Here, defendant's arguments cannot justify a protective order or any other relief. First, it appears that the defendant has failed to identify any former individuals, including those who have not been exposed to privileged information. Second, for those individuals who may have been exposed to privileged information, defendant's arguments are woefully inadequate to justify a protective order. A party seeking a protective order in this situation has the burden of establishing the essential elements of the privilege. G-I Holdings, Inc., 199 F.R.D. at 533. Defendant does not make any effort to identify the individuals who may have had access to privileged information, or describe the nature or extent of their exposure, and merely asserts that some of the individuals that plaintiff may seek to interview "likely had access to privileged information." (Joint Letter at 9.) However, generalized assertions that a former employee may have had exposure to privileged information are insufficient to allow the Court to craft a meaningful protective order. See id. at 535, citing Fu Inv. Co. Ltd. v. Commisioner of Internal Revenue, 104 T.C. 408, 415-16 (1995); see also Cram v. Lamson & Sessions Co., 148 F.R.D. 259, 266 (S.D.Iowa 1993); Valassis v. Samelson, 143 F.R.D. 118, 125 (E.D.Mich.1992).

Defendant relies on G-I Holdings for support. However, in that case the defendants were themselves law firms, and there was "little doubt" that the former employees had "extensive" exposure to privileged information. 199 F.R.D. at 534. Here, in contrast, defendant makes no showing that any of its former employees have had "extensive" exposure to privileged information. Moreover, the "danger of inadvertent disclosure" of privileged information by the former employees in G-I Holdings was "compounded by the fact that [plaintiff's agents who were to conduct the ex parte interviews] are themselves lay persons, and thus, are in little better position than the interviewees to assess whether privileged material is being disclosed." Id. at 535. Here, there is no suggestion that the plaintiff's attorneys would not conduct any potential interviews themselves, and, the Court must assume, until demonstrated otherwise, that all attorneys before this Court will behave properly as officers of the Court. In conducting any ex parte interviews, the Court expects that plaintiff's attorneys would advise any interviewee of the attorneys' representation and interest in the ongoing litigation, and would direct the former employee to avoid disclosing privileged or confidential information, not to answer any questions that would lead to the disclosure of such information, and would ensure that the interviewee understands those admonitions before conducting the interview. See, e.g., Muriel Siebert & Co., Inc., 8 N.Y.3d at 512. In addition, the subjects about which plaintiff sought to interview defendant's former employees in G-I Holdings, "such as how the firms prepare their clients for deposition," came "dangerously close" to privileged matters. Id. Here, again, there is no showing that plaintiff will question former employees on privileged matters, and the Court expects that plaintiff's attorneys would not purposely seek the disclosure of privileged or confidential information, and would immediately stop the interview were there a concern that the interviewee was about to disclose potentially privileged information.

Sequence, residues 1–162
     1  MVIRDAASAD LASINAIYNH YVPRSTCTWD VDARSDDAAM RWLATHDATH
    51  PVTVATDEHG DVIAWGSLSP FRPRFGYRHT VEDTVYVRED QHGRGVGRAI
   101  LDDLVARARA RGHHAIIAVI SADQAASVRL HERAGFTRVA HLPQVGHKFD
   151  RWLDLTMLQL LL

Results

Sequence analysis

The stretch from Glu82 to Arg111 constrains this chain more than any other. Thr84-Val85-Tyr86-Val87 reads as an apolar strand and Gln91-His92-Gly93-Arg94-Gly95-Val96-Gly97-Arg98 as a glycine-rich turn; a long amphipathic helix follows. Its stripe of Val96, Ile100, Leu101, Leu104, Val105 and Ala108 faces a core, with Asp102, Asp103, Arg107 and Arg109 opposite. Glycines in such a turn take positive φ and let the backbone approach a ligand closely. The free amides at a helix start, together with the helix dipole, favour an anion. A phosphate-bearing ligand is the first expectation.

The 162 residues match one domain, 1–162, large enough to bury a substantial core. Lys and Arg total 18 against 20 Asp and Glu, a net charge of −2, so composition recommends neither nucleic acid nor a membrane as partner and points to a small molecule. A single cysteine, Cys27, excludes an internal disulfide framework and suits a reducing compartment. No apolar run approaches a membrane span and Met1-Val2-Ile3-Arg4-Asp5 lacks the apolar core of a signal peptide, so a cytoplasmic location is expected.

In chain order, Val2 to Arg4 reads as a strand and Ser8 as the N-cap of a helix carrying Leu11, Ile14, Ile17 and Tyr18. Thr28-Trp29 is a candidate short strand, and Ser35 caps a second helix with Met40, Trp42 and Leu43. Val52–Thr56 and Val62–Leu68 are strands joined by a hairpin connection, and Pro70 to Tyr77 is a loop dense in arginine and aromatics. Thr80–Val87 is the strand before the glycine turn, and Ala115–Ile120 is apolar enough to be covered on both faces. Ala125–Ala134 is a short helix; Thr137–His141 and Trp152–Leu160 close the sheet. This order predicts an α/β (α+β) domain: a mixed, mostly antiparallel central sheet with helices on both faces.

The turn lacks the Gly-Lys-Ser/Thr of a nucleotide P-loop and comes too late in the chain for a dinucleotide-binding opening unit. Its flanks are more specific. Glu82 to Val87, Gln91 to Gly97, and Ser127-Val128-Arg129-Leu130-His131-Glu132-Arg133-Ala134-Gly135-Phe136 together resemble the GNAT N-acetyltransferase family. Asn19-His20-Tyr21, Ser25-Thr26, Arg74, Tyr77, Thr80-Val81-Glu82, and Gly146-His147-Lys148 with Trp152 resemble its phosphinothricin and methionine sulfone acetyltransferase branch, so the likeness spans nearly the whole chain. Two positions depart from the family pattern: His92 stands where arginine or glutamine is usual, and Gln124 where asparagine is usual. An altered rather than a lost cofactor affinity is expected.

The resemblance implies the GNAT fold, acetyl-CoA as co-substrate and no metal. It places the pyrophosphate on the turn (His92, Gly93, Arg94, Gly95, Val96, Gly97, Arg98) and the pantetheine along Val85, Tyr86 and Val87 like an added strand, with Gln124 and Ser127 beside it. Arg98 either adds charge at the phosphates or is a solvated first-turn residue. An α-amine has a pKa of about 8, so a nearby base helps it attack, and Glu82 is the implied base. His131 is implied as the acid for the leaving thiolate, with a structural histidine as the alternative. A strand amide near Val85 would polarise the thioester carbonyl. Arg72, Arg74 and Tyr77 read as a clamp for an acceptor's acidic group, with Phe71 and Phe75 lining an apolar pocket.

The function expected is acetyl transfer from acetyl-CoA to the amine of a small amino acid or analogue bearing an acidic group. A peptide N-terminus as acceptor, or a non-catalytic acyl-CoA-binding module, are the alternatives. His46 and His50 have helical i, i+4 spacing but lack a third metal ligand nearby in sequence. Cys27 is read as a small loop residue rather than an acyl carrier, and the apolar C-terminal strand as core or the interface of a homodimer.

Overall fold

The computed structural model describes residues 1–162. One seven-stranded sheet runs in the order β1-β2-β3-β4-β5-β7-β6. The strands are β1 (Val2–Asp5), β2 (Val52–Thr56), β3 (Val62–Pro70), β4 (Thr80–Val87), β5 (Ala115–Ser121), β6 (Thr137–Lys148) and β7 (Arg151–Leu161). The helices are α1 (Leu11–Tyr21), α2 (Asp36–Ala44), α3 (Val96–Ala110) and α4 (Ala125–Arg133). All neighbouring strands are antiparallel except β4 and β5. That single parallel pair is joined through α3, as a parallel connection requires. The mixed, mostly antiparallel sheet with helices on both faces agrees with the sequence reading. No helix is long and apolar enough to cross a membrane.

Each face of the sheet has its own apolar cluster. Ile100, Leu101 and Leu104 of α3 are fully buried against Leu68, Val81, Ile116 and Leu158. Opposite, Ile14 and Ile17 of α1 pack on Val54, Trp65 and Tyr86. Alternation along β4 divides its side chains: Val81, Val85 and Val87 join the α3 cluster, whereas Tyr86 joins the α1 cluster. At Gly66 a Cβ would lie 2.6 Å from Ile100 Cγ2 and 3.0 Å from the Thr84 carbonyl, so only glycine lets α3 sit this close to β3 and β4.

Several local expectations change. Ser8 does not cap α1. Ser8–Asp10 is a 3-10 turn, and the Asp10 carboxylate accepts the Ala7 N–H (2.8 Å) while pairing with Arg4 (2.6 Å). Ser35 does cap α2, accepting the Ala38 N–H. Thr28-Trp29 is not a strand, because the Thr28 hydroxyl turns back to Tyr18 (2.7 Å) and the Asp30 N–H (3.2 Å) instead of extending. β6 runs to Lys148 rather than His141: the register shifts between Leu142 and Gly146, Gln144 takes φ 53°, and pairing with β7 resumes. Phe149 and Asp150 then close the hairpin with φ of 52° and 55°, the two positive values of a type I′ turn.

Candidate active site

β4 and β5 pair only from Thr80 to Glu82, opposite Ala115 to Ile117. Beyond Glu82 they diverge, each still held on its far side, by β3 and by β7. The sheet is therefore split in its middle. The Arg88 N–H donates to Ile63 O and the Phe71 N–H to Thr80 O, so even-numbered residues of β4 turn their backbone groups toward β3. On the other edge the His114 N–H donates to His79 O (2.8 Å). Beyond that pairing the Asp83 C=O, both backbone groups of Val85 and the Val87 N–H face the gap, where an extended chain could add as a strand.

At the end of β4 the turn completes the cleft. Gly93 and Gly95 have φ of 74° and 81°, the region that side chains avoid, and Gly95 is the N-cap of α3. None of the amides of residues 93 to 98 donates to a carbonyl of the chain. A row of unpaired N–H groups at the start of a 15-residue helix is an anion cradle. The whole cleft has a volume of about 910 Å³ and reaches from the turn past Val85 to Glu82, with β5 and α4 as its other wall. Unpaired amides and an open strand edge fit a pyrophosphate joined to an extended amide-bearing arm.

Of course, if any former employee is represented by his own counsel, then plaintiff's attorneys cannot contact such an employee directly, and must communicate through counsel. Defendant may also offer to provide its former employees with counsel. However, defendant has no right to refuse to identify former employees who may have discoverable information, and no independent right to have its counsel present at those interviews (absent a much more substantial showing than as of yet has been made). If the defendant knows that a former employee has retained counsel, then defendant may provide plaintiff with the contact information for that counsel. Otherwise, defendant must provide plaintiff with the last known addresses of those former employees who have discoverable information.

Accordingly, it is hereby ORDERED that:

1. Experts are to be designated by May 30, 2008, plaintiff's expert reports are to be exchanged no later than June 11, 2008, and defendant's expert reports are to be exchanged no later than June 25, 2008.

2. All fact discovery (including depositions) is to be completed by July 11, 2008.

3. The case management conference currently scheduled for June 6, 2008, at 10:30 a.m. is rescheduled for ...